On Halloween we expect to see people walking dressed as all manner of horror movie creations from vampires to werewolves to sheet draped ghosts. But which would you rather run into while walking through a darkened field in the middle of the night, a vampire or a clown? If you answered your door and found someone standing outside asking to use your phone, which would you let into your house? There’s just something about clowns that is unexplainably terrifying to us all.
It’s always interesting to ask why certain popular images designed for entertainment are received so poorly by some groups. But it’s a clear case of the “uncanny valley” at work. Clowns, though clearly human, are exaggerations of what the human form is. And to be specific, the elder male human form. The skin is often painted white, giving it a sort of sickly pallor akin to those who are diseased. Naturally during the evolutionary development of mankind, we learned to avoid those who were sickly looking, as they may carry contagious pathogens. Their eyes are accentuated by massive eyebrows or circles giving their faces the appearance of skulls. In fact, it’s interesting to draw the parallel. What else reportedly has sickly pale skin and massive black eyes?
And as with anything that scares us, we love to share stories in a ritual old as civilization: The campfire ghost story. I leave you with this particularly ghoulish tale passed around for years. Though its veracity can neither be confirmed nor denied, it is a harrowing journey through the macabre and perfect fodder for your next Halloween party.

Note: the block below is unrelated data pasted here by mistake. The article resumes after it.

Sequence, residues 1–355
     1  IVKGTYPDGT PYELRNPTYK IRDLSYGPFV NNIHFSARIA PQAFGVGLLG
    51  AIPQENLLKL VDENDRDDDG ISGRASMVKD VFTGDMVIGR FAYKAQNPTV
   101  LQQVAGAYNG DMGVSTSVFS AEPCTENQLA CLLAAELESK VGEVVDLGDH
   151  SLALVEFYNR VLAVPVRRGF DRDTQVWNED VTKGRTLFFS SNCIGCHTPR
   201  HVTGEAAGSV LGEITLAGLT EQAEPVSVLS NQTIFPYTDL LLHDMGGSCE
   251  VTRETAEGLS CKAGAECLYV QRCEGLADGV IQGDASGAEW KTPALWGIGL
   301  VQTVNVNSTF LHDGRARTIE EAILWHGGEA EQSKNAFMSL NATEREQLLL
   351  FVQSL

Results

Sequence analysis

A babysitter, left caring for a new couple was flipping through the TV when she suddenly got a text message from a friend of hers telling her to check her emails. Not having a computer with her, she searched the house for a computer. She found one in the master bedroom, but standing next to the desk was the statue of a clown smiling merrily with a red polka-dot jumpsuit and its hands out at its sides. Not wanting to use the computer without permission, she walked back down to the living room where she had left her cell phone. She dialed the parents and asked them if she could use their computer. They said she could, and she was about to hang up when she added, “Oh, and is it okay if I throw a sheet over that clown statue in your bedroom?” There was a short pause on the phone, and then the father quickly broke in, “Get the kids and get out of the house. We don’t have a clown statue.”
And if stories like that aren’t enough to make you a Coulrophobic (someone with an incapacitating fear of clowns), don’t forget about the serial killer John Wayne Gayce. Of course, contrary to some modern film adaptations of the killer’s horrific murders, Gayce never actually wore a clown outfit while carrying out the murders. Still, the image of the murderous clown is one of the most powerful and terrifying pop culture icons to be depicted again and again. And that’s no joke.